I’m on the road today, staying at a hotel I’ve stayed at before. When I arrived at my room last night, I found something new positioned on the TV remote control — a notice encouraging me to make “the green choice,” turn down housekeeping, and earn 250 bonus “rewards” points in the bargain.
Like most — if not all — business travelers, I’m a participant in various rewards programs for airlines and hotels. Unlike some people, I’m not a fiend about it. I don’t have a credit card associated with an airline or hotel chain that would give me double and triple rewards and allow me to really maximize point accumulation, and I don’t plan my travel around using one airline or staying in one hotel chain to concentrate my points and earn rewards faster. I know that this costs me the ability to rack up rewards more quickly, but I’d rather take the most convenient flight and stay in the most convenient place, regardless of whether it’s my preferred rewards option, and if that means it takes a lot longer to get those free nights or free flights, so be it. Convenience today is more important to me than potential free vacations down the road.
It’s interesting, though, that the rewards programs now seem to be morphing into an even more general behavioral modification device and incentive program. I’ve been receiving emails from one hotel chain promising me points if I take surveys that will take 5 or 10 minutes to complete, for example. And now a hotel chain thinks that an offer of 250 rewards points might just tip the balance and incentivize me and other travelers to hang the “no service needed” notice on the outside door handle of our rooms. I suppose that there are some people who are so focused on getting points that the bonus points offer really could change their behavior, decline maid service, and save the hotel on housekeeping-related costs. (I decline the maid service as a matter of course, points or no points.)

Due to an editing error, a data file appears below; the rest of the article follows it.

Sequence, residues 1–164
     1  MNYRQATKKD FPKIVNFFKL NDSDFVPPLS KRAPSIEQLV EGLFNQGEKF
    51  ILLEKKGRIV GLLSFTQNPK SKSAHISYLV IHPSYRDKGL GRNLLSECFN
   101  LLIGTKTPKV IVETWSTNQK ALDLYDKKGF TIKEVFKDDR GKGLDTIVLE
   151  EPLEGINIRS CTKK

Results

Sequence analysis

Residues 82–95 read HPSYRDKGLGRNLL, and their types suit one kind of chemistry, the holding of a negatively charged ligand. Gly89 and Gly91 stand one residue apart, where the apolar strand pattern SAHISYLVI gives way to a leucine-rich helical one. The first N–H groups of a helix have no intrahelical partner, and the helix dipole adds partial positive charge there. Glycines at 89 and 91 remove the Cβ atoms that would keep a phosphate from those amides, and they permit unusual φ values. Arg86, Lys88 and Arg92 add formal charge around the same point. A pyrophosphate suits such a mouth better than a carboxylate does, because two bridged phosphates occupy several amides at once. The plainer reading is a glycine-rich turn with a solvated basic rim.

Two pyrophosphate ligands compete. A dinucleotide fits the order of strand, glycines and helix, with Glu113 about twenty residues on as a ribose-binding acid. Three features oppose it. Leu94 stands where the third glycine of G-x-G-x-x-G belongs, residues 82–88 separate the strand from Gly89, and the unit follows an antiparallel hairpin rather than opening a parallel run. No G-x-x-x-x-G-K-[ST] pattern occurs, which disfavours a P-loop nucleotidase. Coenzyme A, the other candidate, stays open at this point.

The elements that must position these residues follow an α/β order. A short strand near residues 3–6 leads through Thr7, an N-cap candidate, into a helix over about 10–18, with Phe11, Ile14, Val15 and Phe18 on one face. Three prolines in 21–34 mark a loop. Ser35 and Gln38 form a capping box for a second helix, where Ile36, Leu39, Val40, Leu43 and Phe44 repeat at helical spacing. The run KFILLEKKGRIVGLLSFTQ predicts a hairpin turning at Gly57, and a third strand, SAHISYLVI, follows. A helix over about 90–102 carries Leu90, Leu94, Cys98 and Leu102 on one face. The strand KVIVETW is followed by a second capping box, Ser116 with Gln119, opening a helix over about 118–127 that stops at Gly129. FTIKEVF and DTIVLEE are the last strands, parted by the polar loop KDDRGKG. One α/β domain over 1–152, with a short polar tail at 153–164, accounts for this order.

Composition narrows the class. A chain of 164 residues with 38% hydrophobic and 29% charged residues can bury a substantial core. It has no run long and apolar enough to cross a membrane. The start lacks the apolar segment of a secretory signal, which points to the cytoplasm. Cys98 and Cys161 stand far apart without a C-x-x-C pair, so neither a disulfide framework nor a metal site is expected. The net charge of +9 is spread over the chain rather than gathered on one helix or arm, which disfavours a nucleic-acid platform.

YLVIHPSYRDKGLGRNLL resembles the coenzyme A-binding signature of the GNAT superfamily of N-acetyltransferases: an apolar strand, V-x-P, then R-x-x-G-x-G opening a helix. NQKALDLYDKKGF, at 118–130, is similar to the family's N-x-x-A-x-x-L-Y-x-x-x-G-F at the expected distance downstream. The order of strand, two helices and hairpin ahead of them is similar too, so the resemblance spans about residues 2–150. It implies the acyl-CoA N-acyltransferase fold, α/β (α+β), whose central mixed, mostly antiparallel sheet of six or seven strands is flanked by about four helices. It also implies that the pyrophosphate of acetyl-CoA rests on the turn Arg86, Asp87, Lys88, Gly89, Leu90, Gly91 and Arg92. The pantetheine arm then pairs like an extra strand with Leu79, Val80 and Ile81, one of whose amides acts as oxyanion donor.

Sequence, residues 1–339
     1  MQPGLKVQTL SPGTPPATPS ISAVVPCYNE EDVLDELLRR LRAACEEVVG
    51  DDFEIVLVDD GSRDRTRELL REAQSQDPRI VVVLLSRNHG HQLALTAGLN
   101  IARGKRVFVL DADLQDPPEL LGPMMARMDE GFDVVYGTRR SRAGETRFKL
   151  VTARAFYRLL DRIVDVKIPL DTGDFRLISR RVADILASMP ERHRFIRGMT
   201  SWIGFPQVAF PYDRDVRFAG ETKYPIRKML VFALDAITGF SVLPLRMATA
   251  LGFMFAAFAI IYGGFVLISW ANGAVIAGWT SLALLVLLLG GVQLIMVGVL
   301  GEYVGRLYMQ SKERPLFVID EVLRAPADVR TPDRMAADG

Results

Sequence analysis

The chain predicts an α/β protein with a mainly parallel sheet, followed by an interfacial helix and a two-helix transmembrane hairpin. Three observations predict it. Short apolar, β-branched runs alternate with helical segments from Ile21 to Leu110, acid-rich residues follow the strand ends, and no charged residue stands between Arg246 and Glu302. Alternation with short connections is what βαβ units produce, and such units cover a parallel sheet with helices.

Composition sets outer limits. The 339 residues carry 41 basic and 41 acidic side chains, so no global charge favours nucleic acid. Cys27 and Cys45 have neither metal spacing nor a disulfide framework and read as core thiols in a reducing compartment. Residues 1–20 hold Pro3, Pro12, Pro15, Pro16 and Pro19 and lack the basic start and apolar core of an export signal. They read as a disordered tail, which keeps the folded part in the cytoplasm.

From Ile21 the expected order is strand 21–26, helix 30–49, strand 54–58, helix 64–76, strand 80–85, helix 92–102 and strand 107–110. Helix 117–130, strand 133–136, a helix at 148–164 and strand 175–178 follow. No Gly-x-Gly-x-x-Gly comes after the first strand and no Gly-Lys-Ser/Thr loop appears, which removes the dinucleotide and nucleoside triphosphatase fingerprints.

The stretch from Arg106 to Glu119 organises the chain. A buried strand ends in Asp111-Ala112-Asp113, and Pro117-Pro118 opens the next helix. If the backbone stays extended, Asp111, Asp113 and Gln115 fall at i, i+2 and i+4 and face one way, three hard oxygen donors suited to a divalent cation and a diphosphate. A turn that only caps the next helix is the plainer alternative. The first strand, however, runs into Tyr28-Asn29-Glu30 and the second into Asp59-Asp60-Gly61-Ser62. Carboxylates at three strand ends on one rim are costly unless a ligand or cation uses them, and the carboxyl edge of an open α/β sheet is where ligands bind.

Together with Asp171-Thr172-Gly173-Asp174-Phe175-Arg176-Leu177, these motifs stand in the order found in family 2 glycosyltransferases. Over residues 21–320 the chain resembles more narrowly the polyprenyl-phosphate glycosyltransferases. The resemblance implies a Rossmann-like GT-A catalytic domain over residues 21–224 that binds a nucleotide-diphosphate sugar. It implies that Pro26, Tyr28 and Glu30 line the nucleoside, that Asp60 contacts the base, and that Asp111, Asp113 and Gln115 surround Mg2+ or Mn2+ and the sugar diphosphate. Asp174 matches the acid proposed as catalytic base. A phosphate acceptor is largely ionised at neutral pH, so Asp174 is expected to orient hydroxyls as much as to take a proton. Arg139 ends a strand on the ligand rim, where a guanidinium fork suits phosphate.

It would be interesting to know what kind of studies were done to develop these points incentive programs, and how successful they are at producing the desired behavior. How did the hotel chain decide that 250 points — as opposed to 500 points, or 1000 — was sufficient to entice people to reject maid service, and is the program working as intended? I’m not an expert in these programs, obviously, but 250 points doesn’t seem like a lot. Was part of the points decision-making process in that case to make the “bonus” large enough for people to care about, but small enough that people would need to engage in the kind of long-term behavioral change that would really produce savings for the hotel chain? And how many people are really willing to answer detailed surveys about their backgrounds, personal interests, and preferences in exchange for 1,000 of those coveted points?
For some people, maximizing point accumulation apparently is an imperative, and we can expect the airlines, and hotels, and other rewards program businesses to continue to use the programs to encourage us to change what we do and how we do it.